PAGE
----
Tory MP Reportedly Raked in Over £1 Million While Moonlighting for Tax Haven Accused of Corruption

© AP Photo / Kirsty WigglesworthBritain's Attorney General Geoffrey Cox leaves after attending a cabinet meeting at Downing Street in London, Thursday, Oct. 3, 2019. The U.K. offered the European Union a proposed last-minute Brexit deal on Wednesday that it said represents a realistic compromise for both sides, as British Prime Minister Boris Johnson urged the bloc to hold "rapid negotiations towards a solution" after years of wrangling.
Britain's Attorney General Geoffrey Cox leaves after attending a cabinet meeting at Downing Street in London, Thursday, Oct. 3, 2019. The U.K. offered the European Union a proposed last-minute Brexit deal on Wednesday that it said represents a realistic compromise for both sides, as British Prime Minister Boris Johnson urged the bloc to hold rapid negotiations towards a solution after years of wrangling.  - Sputnik International, 1920, 09.11.2021
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UK Prime Minister Boris Johnson, who skipped the Commons’ emergency sleaze debate on Monday, insisted his government took allegations of corruption seriously amid calls for an independent probe over the attempt by Tories to change the Commons ethics standards system to ensure a reprieve for ex-MP Owen Paterson, guilty of breaching lobbying rules.
A Tory MP has earned hundreds of thousands of pounds “moonlighting” for a tax haven in the Caribbean that allowed him to continue to vote remotely in Parliament, reported The Daily Mail.
The revelation comes amid calls for a reform of the regulations surrounding MPs’ second jobs, triggered by the current Owen Paterson “sleaze” row and the backlash it has generated for the government of Prime Minister Boris Johnson.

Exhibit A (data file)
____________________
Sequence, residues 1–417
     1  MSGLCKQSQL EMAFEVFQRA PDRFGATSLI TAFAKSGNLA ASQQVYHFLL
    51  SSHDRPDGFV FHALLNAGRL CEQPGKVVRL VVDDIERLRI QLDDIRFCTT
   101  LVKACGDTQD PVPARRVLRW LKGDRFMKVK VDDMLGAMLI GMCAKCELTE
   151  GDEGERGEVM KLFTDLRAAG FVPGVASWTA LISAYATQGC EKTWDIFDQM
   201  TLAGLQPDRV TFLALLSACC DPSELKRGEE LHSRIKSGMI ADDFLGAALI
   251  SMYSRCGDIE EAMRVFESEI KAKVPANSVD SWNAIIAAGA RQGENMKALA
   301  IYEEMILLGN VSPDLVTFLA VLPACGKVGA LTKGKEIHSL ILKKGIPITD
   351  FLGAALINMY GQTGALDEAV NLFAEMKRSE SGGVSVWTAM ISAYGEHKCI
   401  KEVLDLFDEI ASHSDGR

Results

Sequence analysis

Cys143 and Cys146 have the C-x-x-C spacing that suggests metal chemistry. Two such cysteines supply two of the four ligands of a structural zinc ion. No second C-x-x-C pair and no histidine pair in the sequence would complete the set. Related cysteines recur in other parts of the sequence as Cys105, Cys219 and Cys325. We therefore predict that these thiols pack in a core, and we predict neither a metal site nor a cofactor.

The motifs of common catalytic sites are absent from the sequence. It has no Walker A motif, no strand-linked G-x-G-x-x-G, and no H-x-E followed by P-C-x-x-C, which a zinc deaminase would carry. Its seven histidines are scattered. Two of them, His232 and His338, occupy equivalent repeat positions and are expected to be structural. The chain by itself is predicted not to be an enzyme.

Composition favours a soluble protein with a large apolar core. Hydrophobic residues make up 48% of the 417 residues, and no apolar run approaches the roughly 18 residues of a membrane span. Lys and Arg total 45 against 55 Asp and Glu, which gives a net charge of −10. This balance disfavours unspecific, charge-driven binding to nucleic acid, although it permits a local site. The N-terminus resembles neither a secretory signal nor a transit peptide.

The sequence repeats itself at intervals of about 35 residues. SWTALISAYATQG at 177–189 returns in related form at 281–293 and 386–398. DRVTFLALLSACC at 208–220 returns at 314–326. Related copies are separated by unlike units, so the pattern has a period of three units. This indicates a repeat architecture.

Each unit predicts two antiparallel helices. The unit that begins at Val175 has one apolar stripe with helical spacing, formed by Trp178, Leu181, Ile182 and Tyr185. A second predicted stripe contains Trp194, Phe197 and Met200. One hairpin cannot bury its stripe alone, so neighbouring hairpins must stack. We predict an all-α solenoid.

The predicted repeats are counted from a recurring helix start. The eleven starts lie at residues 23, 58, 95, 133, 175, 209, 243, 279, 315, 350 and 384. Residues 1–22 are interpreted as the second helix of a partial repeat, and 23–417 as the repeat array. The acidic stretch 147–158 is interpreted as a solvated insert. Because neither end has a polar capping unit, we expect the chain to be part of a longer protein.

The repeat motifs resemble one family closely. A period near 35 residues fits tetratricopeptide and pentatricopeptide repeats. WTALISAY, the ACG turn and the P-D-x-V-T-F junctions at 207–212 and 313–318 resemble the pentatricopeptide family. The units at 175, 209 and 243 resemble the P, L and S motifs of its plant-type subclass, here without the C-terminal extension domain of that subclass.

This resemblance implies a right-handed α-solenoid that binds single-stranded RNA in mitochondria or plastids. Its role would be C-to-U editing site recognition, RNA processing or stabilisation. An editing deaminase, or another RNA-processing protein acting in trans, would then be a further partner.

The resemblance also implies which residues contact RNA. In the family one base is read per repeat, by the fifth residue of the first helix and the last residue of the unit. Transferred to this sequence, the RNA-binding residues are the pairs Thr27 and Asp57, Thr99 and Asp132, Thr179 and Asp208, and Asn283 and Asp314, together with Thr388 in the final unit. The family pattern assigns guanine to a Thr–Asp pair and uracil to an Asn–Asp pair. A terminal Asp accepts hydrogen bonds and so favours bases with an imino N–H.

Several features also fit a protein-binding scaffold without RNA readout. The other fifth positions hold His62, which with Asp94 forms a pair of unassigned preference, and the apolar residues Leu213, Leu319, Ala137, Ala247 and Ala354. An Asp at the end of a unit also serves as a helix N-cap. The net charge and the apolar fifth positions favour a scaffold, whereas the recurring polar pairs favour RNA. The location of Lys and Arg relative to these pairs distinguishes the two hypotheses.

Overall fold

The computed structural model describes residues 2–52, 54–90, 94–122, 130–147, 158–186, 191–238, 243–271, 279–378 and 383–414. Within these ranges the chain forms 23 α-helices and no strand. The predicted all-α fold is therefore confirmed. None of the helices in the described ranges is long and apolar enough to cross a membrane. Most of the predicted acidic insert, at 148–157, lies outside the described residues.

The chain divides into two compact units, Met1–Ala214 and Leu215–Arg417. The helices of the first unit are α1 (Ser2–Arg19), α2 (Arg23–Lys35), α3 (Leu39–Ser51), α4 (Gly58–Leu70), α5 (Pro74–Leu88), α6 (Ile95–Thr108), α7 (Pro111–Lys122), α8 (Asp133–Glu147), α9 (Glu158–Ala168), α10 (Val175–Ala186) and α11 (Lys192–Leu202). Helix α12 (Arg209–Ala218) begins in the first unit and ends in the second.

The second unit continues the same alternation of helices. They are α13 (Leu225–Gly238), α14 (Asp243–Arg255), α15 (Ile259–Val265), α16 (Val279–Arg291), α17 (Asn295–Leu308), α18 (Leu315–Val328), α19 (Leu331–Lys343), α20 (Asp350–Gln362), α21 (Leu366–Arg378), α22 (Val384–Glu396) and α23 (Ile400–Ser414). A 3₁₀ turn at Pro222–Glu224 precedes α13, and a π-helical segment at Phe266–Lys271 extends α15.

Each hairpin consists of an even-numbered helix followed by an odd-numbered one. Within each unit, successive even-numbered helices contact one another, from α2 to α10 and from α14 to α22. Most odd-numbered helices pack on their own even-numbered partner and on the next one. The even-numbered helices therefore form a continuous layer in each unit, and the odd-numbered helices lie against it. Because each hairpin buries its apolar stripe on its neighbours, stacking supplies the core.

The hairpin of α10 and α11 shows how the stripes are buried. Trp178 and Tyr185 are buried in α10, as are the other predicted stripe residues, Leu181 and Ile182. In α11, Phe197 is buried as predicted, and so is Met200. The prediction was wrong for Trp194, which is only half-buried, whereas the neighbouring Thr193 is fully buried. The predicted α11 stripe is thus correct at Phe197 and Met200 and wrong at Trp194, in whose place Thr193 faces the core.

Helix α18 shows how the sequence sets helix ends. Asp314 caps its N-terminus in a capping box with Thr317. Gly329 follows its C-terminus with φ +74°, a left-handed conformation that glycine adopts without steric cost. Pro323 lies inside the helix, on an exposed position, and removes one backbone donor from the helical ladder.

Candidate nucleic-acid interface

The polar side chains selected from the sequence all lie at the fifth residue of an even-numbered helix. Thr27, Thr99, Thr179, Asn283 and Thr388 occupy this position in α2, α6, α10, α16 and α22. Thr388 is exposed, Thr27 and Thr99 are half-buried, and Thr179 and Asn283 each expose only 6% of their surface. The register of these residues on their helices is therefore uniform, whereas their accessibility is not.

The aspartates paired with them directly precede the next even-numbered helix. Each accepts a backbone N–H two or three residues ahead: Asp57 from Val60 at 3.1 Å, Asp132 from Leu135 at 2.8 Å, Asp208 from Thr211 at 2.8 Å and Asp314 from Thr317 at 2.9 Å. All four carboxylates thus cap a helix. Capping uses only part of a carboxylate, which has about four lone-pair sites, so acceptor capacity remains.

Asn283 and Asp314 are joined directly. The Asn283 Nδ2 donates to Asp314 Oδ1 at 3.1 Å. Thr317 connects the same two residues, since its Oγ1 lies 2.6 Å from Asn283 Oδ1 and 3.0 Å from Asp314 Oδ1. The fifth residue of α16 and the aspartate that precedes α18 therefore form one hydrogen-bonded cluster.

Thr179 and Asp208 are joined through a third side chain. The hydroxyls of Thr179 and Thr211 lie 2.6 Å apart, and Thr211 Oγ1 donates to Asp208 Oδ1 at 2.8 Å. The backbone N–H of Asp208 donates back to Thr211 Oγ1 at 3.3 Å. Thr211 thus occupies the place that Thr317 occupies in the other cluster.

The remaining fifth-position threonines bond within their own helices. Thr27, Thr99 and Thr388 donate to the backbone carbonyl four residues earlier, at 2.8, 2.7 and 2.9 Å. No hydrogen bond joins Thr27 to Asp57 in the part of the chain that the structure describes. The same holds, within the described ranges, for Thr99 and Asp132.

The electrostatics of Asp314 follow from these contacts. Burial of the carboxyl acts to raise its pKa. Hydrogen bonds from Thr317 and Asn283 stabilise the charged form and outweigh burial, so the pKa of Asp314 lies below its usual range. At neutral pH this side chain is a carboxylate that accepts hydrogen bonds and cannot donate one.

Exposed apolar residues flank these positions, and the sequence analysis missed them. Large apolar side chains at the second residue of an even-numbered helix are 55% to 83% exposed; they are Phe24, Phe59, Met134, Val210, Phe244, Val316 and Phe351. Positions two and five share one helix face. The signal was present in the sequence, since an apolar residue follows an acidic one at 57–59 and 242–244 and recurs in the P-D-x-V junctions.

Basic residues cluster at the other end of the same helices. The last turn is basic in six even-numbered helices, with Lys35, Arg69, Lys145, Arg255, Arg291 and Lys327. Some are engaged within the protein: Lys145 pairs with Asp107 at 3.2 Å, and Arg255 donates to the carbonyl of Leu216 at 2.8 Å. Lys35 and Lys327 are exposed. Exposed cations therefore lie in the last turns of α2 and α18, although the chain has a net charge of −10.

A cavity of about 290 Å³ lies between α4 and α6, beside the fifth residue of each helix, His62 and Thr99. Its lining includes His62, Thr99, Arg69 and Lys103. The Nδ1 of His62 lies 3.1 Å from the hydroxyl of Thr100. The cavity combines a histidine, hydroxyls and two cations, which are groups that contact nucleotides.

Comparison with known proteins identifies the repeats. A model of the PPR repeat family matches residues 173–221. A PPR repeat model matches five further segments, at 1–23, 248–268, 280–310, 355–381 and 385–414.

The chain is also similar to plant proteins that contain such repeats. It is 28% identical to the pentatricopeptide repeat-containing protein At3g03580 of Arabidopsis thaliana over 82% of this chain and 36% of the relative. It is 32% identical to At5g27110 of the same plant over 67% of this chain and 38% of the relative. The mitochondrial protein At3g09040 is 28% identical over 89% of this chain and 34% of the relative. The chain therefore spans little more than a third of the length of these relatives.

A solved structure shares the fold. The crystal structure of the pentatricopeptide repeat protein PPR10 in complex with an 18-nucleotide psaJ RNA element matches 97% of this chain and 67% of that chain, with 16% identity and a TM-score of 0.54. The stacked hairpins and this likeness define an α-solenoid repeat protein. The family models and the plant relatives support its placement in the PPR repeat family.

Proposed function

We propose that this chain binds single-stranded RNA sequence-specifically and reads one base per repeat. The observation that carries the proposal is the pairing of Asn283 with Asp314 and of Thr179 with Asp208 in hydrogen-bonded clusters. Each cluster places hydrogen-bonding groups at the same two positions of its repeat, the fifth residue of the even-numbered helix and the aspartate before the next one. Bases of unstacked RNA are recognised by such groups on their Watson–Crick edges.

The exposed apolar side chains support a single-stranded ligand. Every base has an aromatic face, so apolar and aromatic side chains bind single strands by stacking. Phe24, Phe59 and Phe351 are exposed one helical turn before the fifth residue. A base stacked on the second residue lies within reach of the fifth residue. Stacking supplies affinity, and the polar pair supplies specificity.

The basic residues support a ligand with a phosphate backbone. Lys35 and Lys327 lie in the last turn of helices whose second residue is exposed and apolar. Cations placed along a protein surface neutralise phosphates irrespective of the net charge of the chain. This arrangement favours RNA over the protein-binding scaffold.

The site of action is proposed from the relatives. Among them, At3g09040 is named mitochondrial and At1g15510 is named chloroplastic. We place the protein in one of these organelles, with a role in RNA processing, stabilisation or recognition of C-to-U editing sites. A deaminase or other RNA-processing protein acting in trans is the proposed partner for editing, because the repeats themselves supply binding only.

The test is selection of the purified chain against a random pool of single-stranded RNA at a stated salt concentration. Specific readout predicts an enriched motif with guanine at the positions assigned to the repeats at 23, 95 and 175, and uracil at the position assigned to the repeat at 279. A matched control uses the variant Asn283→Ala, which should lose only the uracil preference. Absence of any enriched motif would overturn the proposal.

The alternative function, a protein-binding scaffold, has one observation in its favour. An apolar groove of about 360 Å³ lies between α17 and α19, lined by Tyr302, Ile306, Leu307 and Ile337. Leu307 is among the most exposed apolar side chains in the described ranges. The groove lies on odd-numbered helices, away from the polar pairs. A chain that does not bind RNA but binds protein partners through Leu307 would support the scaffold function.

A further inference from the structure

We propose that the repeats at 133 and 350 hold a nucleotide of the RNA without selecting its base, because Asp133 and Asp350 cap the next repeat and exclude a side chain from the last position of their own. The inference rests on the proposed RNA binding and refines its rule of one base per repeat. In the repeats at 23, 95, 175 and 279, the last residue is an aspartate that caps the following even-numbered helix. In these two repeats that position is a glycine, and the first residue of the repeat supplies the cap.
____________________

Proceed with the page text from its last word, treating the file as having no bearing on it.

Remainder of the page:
Sir Charles Geoffrey Cox, QC, a British Conservative politician and barrister, serving as Member of Parliament for Torridge and West Devon, had been hired as “consultant global counsel” by Withers, an international law firm, to advise the government of the British Virgin Islands “on private and overseas government clients”. COVID-19 lockdown rules had allowed him to cast votes in the House of Commons by proxy, according to a source cited by the outlet.
Cox, whose backbencher salary amounts to £82,000 ($111, 253), earned more than a million pounds ($1,356,700) from outside legal work over the past year, it was revealed.
“While he should have been in the UK working for his constituents he’s been over in the British Virgin Islands doing his second job working as a barrister and advising those accused of trousering cash for their mates,” a Whitehall insider was cited as saying.
Sir Geoffrey Cox, known to be one of the highest-earning MPs, received almost £900,000 during the past year from Withers as he spent up to a month in the British Virgin Islands (BVI), according to the report. A cited register of financial interests reveals Cox received £156,916.08 from Withers for legal work carried out between 29 April and 31 May 2021.